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Monday, January 18, 1999 Published at 18:53 GMT


World: Europe

Peacekeeper ordered out of Kosovo

Ms Arbour wants to examine evidence from Friday's massacre

The Yugoslav Government has ordered the American head of the Kosovo peace mission to leave the country within 48 hours after he accused Serb forces of massacring ethnic Albanians.

In a statement carried by the official Tanjug news agency, the government said that after reviewing the activities of William Walker, it had declared him persona non grata.

Kosovo Section
Earlier, Yugoslav border guards prevented the International War Crimes Tribunal's chief prosecutor from entering the country to inspect evidence of Friday's massacre in southern Kosovo.

Louise Arbour had been trying to visit the village of Racak, where 40 ethnic Albanians were killed on Friday.


The BBC's David Loyn: "The Serbs aim can only be to intimidate"
She was accompanied by officials from the Organisation for Security and Co-operation in Europe, the body in charge of international monitors in Kosovo.

Ms Arbour told reporters: "I entered the custom post, I asked to speak to the person who was in charge. I spoke to an officer who identified himself only by a badge number.


[ image: Ms Arbour:
Ms Arbour: "I am entitled to access"
"He told me he had authority, he knew who I was. I repeated to him that I was the prosecutor of the War Crimes Tribunal, that I had a mandate under chapter seven of the UN Charter, that I was entitled to enter all the territory of the former Yugoslavia to conduct investigations and that he should let me in."

Nato has demanded that the Serbs co-operate with International War Crimes Tribunal investigators.

Nato's two most senior generals are also due to arrive in Belgrade to warn the Yugoslav authorities that they face air strikes if they do not end the violence in Kosovo as agreed in a cease-fire deal last year.


Louise Arbour: I told them I had authority to enter all territory of the former Yugoslavia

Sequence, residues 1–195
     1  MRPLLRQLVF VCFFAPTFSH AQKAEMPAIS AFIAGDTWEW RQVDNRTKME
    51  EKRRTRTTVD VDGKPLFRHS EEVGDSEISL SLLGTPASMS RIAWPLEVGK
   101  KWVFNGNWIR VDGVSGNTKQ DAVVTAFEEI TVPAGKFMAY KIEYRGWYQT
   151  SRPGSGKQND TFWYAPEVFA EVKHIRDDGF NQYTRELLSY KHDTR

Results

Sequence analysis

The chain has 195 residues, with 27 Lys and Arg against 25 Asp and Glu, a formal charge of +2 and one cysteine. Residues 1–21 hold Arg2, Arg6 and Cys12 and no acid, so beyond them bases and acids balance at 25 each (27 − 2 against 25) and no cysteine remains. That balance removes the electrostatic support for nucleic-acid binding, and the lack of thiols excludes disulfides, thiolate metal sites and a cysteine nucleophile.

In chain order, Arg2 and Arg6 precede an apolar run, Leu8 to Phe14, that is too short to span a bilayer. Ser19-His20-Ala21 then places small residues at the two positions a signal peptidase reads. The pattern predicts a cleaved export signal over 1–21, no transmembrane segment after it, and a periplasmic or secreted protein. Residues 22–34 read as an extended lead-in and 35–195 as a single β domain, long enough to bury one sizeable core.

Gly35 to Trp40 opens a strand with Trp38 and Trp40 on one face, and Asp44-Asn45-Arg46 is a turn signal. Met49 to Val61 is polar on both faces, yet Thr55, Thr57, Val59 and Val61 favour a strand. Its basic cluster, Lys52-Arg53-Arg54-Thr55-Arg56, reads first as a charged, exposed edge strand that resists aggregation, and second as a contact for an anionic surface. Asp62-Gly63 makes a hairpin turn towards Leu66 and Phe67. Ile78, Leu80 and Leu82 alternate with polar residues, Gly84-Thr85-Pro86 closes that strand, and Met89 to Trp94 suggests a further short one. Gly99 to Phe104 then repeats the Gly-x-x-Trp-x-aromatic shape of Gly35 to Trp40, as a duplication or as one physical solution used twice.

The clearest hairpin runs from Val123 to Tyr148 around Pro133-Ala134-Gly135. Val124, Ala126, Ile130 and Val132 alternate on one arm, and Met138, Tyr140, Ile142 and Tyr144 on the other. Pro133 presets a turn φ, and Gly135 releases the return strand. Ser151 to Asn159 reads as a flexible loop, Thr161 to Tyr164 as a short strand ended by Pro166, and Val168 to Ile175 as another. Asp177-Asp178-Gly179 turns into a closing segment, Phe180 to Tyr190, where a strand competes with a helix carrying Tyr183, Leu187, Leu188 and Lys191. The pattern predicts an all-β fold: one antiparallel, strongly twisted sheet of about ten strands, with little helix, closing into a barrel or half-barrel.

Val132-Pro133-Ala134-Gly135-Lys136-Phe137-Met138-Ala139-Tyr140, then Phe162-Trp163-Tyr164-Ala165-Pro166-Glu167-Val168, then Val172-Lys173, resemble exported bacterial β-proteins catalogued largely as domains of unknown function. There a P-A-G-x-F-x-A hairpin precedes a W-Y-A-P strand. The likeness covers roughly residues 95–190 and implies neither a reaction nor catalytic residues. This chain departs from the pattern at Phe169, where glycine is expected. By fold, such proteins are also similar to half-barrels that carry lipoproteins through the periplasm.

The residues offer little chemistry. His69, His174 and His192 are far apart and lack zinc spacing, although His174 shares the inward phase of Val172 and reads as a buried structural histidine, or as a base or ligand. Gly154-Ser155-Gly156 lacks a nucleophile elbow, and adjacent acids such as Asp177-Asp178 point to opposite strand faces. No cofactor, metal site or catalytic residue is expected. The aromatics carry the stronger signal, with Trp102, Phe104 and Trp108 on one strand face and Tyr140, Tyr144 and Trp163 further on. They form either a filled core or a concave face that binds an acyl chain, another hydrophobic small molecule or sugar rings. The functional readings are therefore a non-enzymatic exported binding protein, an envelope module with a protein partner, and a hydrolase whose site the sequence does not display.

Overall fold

For their part, Serbian security forces have gone on the offensive in the area around Racak, using armoured vehicles and heavy weapons.

A Serbian judge accompanied by international monitors has entered the village as part of official Serbian investigations into the massacre. He supervised the removal of the bodies from the local mosque, to be taken to the provincial capital, Pristina.


[ image:  ]
The OSCE is holding an emergency meeting to discuss the latest violence. Russia has also called on the Yugoslav authorities to co-operate with international investigators.

Belgrade has so far refused to allow tribunal investigators into the troubled province.

No immunity


Nato Secretary-General Javier Solana: The message to Mr Milosevic is very clear
Speaking in an interview with the French newspaper Liberation, Ms Arbour said her investigations were intended to reach "the highest possible level".

She warned that not even heads of state would be exonerated if found responsible for atrocities.


World Affairs Correspondent David Loyn: "The inhabitants of Racak have mostly fled"
"The international community did not set up this court to judge small fry," she was quoted as saying.

The court was expected "to make up for the inability of states to judge their own leaders" if they were believed to be involved, she said.

Nato warnings


[ image:  ]
In a BBC interview Nato Secretary-General Javier Solana reiterated the organisation's three key demands.

He said the Serbian authorities must comply with previous UN resolutions on the province, co-operate with the investigators from the International Criminal Tribunal for the former Yugoslavia, and support the activities of international monitors.

"We have threatened the use of force and we are prepared to use it" Mr Solana said.

The two Nato generals, Wesley Clark, the supreme allied commander in Europe, and Klaus Naumann, chairman of Nato's Military Committee, are expected to deliver a tough message to the Yugoslav authorities.


The BBC's Jacky Rowland in Pristina: "Another act of defiance by the Yugoslav authorities"
On Sunday, Nato condemned the Racak massacre as a "flagrant violation of international humanitarian law". The organisation is demanding full compliance with UN resolutions calling for an end to violence in the province and says that air strikes against Serbia, narrowly avoided last October, remain an option.

"The council demands that the government of the Federal Republic of Yugoslavia take immediate steps to ensure that those responsible for this massacre are brought to justice," the Nato secretary-general said.

Serbs dismiss reports


The BBC's Angus Roxburgh: "Air strikes against Serbia remain a possibility"
Serbia has dismissed reports of the massacre and said its forces came under attack while they were investigating the murder of a policeman.

The Serbian deputy prime minister said the police at Racak had only shot at "terrorists" who had opened fire at them. Vojislav Seselj said on Sunday that the Kosovo Albanian fighters had tricked KVM chief William Walker and Western media.

However, US President Bill Clinton and Mr Walker both blamed Serbian forces for the killings.



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